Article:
The highest-paid woman in America is working on robot clones and pigs with human DNA

AUSTIN, Texas—Martine Rothblatt talks about outlandish feats that sound like science fiction—including an explanation of how she used artificial intelligence to simulate the human brain and create a copy of her wife—in the same way most executives discuss quarterly business forecasts.

The CEO of biotech firm United Therapeutics, founder of SiriusXM radio, and America’s highest-paid female and transgender executive is also working with Craig Venter, who helped sequence the human genome, to use organs from genetically-modified pigs for human organ transplants. The goal is to come up with a way to create a never-ending supply of organs.

“When we started doing this, the longest a genetically-modified pig could survive in a bath of human blood was two hours and now that we are up to over eight days, it’s mind-blowing,” she said, in a wide-spanning conversation that drew an audience of hundreds at the South by Southwest conference.

Rothblatt also explained how she hired a team of robotic scientists to create a robot that was a “mind clone” of her wife, Bina Aspen.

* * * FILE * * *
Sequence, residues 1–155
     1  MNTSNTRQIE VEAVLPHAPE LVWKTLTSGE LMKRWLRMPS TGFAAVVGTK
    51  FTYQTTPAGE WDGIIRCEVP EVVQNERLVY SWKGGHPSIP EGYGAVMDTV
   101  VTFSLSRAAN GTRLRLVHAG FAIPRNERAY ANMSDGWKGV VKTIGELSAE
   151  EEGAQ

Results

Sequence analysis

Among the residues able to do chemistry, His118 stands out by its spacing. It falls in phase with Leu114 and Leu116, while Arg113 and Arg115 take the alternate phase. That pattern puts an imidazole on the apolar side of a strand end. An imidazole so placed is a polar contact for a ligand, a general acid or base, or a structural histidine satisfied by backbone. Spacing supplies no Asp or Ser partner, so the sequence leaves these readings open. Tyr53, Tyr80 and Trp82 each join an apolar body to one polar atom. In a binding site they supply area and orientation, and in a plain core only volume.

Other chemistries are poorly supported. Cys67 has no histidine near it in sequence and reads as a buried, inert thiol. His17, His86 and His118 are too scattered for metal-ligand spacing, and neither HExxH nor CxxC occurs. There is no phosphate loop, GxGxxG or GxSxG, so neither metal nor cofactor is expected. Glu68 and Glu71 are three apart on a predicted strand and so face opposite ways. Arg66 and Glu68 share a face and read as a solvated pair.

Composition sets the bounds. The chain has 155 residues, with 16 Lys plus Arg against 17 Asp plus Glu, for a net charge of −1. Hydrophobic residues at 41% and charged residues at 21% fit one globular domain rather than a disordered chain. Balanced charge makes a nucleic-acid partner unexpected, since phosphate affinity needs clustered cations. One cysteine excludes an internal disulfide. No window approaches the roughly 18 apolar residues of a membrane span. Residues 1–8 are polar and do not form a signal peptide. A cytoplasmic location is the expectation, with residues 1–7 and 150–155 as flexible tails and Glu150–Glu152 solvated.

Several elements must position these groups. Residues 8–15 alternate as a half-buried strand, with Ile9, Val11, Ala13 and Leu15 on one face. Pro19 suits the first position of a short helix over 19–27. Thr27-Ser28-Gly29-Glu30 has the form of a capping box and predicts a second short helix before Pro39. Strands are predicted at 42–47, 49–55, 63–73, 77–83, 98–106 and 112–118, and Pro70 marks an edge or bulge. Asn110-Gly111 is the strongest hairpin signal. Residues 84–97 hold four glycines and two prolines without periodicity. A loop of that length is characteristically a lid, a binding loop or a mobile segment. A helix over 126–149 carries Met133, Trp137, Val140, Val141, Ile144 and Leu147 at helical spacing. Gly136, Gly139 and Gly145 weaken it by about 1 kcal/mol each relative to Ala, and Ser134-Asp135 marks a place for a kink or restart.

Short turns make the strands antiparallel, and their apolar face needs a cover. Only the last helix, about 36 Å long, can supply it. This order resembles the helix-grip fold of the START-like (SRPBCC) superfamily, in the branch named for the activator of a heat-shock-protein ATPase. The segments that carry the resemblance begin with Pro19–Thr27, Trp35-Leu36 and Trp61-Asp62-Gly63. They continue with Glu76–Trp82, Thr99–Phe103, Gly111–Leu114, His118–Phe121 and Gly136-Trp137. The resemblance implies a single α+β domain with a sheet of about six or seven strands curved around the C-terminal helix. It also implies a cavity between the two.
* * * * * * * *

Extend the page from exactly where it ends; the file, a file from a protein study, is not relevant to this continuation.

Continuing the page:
Starting with a “mindfile”—a digital database of a person’s mannerisms, personality, recollections, feelings, beliefs, attitudes, and values gleaned from social media, email, videos, and other sources—Rothblatt’s team created a robot that can converse, write Tweets, and even express human emotions such as jealousy and pain in ways that mimic the person she was modeled after.

When Bina’s mortal self dies, Rothblatt said the robot version of her wife will live on, making it possible for “our identity to begin to transcend our bodies.”

It sounds like science fiction until you see photos of the robot, see her tweet, and hear snippets from her conversations that made audience members gasp and chuckle nervously as they realized Rothblatt was talking about more than just an idea.

Rothblatt launched her $6 billion biotech firm to develop a treatment for pulmonary hypertension after her daughter was diagnosed with the disease; it was approved by the FDA in 2013. And she has a long track record of making outlandish-seeming ideas work. She brought GPS navigation and satellite radio to the mainstream in the 1980s and 1990s.

So while it’s not uncommon for wealthy CEOs to talk about finding a way to live forever, when you hear Rothblatt talk about her vision for immortality, it doesn’t seem so far-fetched.

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